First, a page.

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Partition Aligned Indexes


#1

I am trying to understand the need for partition aligned indexes. We will NOT be switching out partitions.

Are there any advantages for building your table on a partition and creating a nonclustered index on the same partition vs. NOT building your table on a partition and creating a nonclustered index on a partition?


#2

It depends. What kind of table is it? By that, I mean, is the table partitioned by some date period and are the older periods 100% static?


#3

This is an OLTP database.
The tables, if they are to be partitioned would be on a numeric key (an integer), call it an LKey.
Each company that uses our product is assigned a unique LKey.
Therefore, each one of our tables in the database is shared by these various companies, and each companies data in these tables is identified by their unique LKey.
Nearly every (99%) query written in our stored procedures and reports filters on LKey.
The tables I am interested in partitioning vary in size from several million to hundreds of millions, some with older periods static, and others not static.
As stated in my post, we are not interested (at least our primary interest) in using the LKey partitioning is NOT for switching out partitions. It is for partition elimination in queries and reports, reducing query contention and reducing server core usage.

Are there any advantages for building your table on a partition and creating a nonclustered index on the same partition (partition aligned index) vs. NOT building your table on a partition and creating a nonclustered index on a partition (non-partition aligned index)?


#4

Based upon my earlier response, I am assuming that the answer to my question is "no". Thank you for your time and response.


#5

Apologies for the delay. I get several hundred emails a day and I occasionally miss a couple.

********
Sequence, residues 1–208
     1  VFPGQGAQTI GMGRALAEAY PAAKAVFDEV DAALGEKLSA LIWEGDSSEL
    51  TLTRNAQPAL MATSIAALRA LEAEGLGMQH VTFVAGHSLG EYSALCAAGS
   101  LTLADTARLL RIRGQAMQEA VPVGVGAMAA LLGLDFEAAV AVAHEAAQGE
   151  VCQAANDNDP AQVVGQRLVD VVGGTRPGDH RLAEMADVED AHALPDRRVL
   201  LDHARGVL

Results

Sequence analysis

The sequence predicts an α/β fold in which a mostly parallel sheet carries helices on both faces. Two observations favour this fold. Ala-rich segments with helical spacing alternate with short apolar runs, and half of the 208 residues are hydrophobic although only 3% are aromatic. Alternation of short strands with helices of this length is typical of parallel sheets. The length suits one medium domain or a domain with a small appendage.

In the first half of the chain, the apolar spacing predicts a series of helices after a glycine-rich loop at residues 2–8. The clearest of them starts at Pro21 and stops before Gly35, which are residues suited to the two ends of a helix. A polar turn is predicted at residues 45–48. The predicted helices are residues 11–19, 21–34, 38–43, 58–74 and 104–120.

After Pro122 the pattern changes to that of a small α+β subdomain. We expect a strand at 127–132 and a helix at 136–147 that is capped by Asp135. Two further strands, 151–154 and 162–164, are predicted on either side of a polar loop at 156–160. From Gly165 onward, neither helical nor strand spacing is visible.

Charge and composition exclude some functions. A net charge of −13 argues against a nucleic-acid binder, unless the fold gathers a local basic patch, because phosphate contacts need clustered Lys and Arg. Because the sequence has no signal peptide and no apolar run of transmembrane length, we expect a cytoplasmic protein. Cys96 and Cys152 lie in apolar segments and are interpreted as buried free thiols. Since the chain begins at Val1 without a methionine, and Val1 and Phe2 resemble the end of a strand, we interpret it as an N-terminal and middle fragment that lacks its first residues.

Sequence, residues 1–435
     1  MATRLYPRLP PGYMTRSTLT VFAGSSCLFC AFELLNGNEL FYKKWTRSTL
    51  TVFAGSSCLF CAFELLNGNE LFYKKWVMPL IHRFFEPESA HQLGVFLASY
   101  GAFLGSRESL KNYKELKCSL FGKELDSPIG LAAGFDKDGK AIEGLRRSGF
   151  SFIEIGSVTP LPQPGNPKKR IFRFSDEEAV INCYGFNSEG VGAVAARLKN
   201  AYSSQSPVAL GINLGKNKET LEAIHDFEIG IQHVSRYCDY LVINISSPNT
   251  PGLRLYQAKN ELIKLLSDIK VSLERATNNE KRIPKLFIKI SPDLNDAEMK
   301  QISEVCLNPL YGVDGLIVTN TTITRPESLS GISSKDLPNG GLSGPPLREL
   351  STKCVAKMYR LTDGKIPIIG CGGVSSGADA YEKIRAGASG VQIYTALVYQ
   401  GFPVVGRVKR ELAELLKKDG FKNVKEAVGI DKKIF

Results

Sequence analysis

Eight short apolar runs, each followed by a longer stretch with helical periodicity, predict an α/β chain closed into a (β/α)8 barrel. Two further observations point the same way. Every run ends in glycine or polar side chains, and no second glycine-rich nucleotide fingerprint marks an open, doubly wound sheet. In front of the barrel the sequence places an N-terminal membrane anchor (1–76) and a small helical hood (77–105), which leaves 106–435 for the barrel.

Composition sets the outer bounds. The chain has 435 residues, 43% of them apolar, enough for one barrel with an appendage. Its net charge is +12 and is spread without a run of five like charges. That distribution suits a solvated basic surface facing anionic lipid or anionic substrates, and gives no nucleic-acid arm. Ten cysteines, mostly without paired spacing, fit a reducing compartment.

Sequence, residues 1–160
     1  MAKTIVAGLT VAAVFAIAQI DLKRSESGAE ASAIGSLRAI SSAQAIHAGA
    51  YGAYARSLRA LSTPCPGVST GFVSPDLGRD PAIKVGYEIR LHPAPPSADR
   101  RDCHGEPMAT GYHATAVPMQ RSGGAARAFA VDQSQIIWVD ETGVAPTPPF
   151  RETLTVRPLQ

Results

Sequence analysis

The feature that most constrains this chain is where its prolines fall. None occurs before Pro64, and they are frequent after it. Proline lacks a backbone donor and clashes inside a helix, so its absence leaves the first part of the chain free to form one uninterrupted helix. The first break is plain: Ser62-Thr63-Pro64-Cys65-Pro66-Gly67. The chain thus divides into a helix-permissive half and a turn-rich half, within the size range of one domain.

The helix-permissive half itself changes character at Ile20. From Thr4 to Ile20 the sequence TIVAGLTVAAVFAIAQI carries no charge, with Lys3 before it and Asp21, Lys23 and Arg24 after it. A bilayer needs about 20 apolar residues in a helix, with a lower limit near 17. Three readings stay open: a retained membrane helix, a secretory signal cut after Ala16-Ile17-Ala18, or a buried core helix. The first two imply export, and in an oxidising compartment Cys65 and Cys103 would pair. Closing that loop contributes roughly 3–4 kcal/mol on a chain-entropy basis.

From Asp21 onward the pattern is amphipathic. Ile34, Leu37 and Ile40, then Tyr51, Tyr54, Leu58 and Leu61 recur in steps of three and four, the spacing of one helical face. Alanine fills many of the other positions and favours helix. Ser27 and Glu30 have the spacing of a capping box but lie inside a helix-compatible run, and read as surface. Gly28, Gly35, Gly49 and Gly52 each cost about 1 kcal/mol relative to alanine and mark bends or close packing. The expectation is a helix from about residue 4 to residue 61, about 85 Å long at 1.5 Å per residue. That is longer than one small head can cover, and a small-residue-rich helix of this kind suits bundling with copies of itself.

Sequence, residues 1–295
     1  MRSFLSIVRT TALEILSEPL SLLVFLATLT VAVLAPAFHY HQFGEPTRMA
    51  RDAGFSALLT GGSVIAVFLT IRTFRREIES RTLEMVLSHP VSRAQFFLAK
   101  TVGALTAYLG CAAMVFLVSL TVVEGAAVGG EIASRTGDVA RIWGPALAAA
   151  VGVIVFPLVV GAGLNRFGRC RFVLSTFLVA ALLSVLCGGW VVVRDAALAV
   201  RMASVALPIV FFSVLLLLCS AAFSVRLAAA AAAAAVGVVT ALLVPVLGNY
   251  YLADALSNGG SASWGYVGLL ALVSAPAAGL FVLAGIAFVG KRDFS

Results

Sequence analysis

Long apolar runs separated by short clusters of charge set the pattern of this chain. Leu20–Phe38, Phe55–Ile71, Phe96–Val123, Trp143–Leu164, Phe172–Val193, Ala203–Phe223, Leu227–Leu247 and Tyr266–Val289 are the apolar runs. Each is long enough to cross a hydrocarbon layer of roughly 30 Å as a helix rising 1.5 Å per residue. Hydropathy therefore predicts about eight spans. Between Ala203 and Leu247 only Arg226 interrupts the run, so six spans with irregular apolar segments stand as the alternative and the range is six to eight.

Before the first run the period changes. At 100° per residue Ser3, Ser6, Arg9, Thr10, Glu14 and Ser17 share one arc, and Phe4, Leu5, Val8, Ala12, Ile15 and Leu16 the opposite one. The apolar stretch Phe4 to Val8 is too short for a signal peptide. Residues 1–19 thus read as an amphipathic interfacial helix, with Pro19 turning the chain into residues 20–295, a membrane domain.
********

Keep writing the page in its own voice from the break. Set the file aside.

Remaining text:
Because of the variances in the size and static nature of each of your tables and the fact that you have an eligible partitioning key in the "LKey" column, it would really be nice if MS allowed for a "duplicate partitioning key" consisting of the LKey and the Create_Date of any given row, perhaps by month. The advantage there would be that you could easily move or delete an entire company if the need should ever arise and, since your queries sound like they're usually based on one given company at a time, it may also help you with reducing query contention. Not sure it'll help with reducing server core usage, though.

Of course, partitioning is relatively a PITA, especially if something goes haywire. Further, proper indexing can save you a lot when it comes to reducing contention although you do need good code for that to happen. So far and though a lot of folks have made claims to the contrary, I've not yet seen any examples of partitioning that have actually sped code up. I've beaten a couple of such claims just by following good coding and indexing practices.

To get to your final point, there certainly ARE some HUGE advantages to adding, for example, a non-clustered index that's identical to the clustered index especially on wide tables and especially if the index covers what you need to retrieve. But that doesn't matter if the table is partitioned or not.

My bottom line on partitioning is that you should never partition for performance because it's not worth it. Partition to make maintenance and rolling off old data and, perhaps, importing large quantities of data. The latter 2 of those notion are the reasons why indexes need to be aligned.